Forest products markets stronger in Central and Eastern European Countries and Russia in 2002 and 2003 - but weaker in Western Europe and North America
Promotion of Sound Use of Wood is Key to Sustainable Forest Products Markets
The UNECE Timber Committee analysed the current market situation in 2002 and forecast markets in 2003 for certified forest products, sawn softwood, sawn hardwood, wood-based panels, paper, paperboard and woodpulp and wood raw materials. The full text of the Committee's approved market statement is attached, along with summary tables of forecasts. Key points from the statement are summarized below.
Following record levels in 2000, a downturn in forest products markets occurred in 2001 in the UNECE region. As weak economic conditions in North America and Europe persist in 2002, only a few forest product sectors show signs of an upturn.
Central and eastern European countries and the CIS however, generally forecast rising consumption, production and trade of forest products.
A slight improvement for the entire region is forecast for 2003, although recent economic indicators add uncertainty to the forecasts.
The Committee encouraged countries to work together to achieve the maximum benefits of their efforts to promote wood. Promoting the sound use of wood is important to maintain and increase wood's market share.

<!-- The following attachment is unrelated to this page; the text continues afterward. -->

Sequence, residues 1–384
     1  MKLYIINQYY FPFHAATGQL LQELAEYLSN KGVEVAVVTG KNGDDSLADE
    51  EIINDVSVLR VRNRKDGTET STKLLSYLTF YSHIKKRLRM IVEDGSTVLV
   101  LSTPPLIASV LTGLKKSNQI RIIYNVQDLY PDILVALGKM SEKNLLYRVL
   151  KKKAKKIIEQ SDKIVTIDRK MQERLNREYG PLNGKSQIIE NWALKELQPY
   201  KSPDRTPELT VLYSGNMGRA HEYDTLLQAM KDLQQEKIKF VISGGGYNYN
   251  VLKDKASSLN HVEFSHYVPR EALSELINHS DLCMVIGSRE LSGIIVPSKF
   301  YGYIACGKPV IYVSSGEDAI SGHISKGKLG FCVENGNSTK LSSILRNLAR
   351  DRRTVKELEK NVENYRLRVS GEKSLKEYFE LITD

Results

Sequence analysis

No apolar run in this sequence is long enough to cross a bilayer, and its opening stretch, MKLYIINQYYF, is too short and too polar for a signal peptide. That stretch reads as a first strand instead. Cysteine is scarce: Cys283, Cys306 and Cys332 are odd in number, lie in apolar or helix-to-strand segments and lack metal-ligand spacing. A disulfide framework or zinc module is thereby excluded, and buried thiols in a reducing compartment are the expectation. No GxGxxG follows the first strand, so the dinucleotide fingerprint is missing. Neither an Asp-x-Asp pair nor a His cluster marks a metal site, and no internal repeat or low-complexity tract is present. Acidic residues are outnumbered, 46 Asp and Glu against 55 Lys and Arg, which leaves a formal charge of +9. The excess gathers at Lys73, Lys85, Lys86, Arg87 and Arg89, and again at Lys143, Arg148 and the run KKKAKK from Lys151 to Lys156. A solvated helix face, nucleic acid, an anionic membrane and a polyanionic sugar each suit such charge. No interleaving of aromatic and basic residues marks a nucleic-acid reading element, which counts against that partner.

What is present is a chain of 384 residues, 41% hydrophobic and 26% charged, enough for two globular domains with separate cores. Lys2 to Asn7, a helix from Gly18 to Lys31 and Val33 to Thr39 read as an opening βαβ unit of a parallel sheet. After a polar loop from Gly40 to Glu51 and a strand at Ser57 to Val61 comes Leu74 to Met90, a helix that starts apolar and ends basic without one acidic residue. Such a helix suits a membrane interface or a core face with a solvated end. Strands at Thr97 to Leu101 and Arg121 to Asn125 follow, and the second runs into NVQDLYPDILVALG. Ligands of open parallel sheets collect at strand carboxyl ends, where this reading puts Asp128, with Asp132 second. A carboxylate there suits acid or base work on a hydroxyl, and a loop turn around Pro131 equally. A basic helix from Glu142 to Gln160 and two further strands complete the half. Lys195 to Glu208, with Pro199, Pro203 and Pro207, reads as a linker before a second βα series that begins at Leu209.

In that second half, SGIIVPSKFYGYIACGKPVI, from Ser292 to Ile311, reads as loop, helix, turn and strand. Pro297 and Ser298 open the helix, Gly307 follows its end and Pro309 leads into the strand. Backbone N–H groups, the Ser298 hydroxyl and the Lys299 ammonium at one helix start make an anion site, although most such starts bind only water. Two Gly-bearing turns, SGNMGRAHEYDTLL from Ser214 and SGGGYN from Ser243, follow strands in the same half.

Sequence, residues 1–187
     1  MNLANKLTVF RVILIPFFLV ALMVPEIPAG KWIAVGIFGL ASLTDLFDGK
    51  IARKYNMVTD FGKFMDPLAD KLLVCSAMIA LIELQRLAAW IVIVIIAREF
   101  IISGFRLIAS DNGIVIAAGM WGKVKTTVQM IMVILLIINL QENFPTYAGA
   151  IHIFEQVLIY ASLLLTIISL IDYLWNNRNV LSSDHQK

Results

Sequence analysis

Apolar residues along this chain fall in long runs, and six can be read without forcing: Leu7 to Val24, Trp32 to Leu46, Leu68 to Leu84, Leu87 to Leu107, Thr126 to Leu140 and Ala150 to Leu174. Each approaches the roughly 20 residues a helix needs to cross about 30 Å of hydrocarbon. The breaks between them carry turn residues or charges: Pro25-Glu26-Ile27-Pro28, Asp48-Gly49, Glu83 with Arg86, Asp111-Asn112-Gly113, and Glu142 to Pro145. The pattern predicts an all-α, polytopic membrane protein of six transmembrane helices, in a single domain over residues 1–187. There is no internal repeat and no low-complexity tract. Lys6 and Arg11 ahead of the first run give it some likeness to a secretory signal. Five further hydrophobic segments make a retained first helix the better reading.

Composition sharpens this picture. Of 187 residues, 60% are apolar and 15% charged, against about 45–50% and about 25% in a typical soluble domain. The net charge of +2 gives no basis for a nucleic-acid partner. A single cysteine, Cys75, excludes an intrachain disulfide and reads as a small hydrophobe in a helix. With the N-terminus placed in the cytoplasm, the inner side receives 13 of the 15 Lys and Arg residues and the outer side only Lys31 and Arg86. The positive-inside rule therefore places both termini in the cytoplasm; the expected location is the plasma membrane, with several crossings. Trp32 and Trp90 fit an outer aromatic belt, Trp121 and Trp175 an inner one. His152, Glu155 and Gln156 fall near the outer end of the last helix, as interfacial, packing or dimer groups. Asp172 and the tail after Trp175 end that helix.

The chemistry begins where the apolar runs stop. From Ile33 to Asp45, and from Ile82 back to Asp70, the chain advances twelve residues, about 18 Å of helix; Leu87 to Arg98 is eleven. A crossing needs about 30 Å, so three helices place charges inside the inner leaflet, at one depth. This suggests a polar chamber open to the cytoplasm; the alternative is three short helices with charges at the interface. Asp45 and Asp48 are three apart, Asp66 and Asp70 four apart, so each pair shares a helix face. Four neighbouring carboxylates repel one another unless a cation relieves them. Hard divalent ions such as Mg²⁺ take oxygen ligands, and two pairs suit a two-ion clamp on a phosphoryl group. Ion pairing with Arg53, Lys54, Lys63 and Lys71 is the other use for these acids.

International approaches to wood promotion are important to ensure sustainable markets, which are a vital component of sustainable forest management.
Driven by favourable policies, significant European markets and trade of wood biofuel exist, stimulating competition for wood raw material.
Certified Forest Products
The forestland certified for sustainable forest management in the UNECE region increased dramatically in 2002, by 25%.
90% of the world's certified forests are in the UNECE region, and most of the markets for certified products too.
Current problems identified include weak market demand, lack of mutual recognition and lack of chain of custody. Many products from certified forests are being sold without labels.
Sawn softwood consumption in Russia and central and eastern European countries (CEECs) is growing steadily as the forest sector continues to recover from the transition recession of the past decade. Russia forecasts strong growth in exports, increasing by 7.1% in 2002 and by 12.5% in 2003. Higher exports are also expected from CEECs.
Canada's exports of sawn softwood are forecast to fall in 2002, by over 7%, mainly due to the continued trade dispute with their chief trading partner, the United States.